study group

How to Start a Study Group

Starting a study group will keep you driven, help you to process information and remember it long-term. Ace your exams and build friendships at the same time. A true win-win.

1 - Find your dream team

Keep it to 3-4 people. Be upfront about what your goals are and encourage others to do the same. Figure out how many times you'll be meeting up, for how long and where. Determine how you'll stay connected (Facebook group or group chat?). Establish some ground rules. Study groups work best when everyone involved is equally committed. So, it's important to set out some expectations around what will happen if someone isn't pulling their weight.

2 - Divide and conquer

Figure out how to divide the work. Have one person summarize the material from the week and provide a "cheat sheet" - a simple, one-page summary of the key concepts. At the end of term, you'll have all the "cheat sheets" from the term, which will make studying for the final exam feel easy, as all your notes will be well-organized and include everything from the term.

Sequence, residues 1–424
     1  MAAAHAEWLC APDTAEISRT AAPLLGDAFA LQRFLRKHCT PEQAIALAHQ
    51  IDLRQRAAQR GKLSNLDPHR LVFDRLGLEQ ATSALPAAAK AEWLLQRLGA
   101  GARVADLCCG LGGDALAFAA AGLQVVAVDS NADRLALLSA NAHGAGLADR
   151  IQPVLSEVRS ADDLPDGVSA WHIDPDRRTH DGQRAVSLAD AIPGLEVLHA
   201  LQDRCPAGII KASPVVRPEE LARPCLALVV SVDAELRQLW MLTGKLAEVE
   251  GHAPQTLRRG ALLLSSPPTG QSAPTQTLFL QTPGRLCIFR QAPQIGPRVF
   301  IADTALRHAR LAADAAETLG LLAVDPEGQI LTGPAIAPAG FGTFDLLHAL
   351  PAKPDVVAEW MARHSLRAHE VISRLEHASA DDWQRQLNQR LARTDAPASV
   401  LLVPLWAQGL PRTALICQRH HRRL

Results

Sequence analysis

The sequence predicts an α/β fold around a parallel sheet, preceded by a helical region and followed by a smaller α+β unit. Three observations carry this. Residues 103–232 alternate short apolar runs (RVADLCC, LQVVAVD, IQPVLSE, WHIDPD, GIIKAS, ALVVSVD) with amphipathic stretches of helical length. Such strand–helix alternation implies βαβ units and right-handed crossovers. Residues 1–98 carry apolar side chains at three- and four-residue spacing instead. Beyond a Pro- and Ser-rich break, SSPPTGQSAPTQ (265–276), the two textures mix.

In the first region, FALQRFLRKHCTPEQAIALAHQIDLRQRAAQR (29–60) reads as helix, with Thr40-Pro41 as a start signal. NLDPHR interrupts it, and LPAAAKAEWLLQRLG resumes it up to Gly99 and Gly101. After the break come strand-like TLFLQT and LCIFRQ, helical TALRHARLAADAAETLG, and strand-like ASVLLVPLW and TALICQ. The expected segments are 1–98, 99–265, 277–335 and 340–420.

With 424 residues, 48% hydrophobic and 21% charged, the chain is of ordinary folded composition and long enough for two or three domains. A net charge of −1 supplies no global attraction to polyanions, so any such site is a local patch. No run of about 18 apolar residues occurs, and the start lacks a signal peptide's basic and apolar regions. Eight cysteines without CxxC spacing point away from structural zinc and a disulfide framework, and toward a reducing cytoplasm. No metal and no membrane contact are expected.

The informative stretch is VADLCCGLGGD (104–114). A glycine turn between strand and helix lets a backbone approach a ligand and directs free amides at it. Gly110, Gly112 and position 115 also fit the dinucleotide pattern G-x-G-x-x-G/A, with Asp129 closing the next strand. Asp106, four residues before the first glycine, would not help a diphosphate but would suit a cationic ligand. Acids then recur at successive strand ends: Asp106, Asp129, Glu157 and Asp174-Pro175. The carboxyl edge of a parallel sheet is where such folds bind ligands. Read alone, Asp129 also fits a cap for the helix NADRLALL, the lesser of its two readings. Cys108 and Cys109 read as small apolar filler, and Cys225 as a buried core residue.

3 - Talk about it

Share your questions and findings. Set practice questions for each member to complete on their own and then take the answers up as a group. Gamify your progress by writing quizzes to challenge each other. Nothing wrong with a healthy dose of friendly competition.

4 - Everyone needs to feel heard

Make sure the group continues to feel balanced and that everyone feels heard, seen, and appreciated. Some of us take up more space than others, so think about how you might structure the meet-ups to equalize things. Include a check-in at the start and end of every meet-up to keep the communication open and to ensure you are all leaving feeling motivated. Because really, that's the whole point.

Having a study group (or just a single study partner) can be a real lifesaver. It's an investment of time and energy that will deliver outsized returns - better grades and lasting friendships.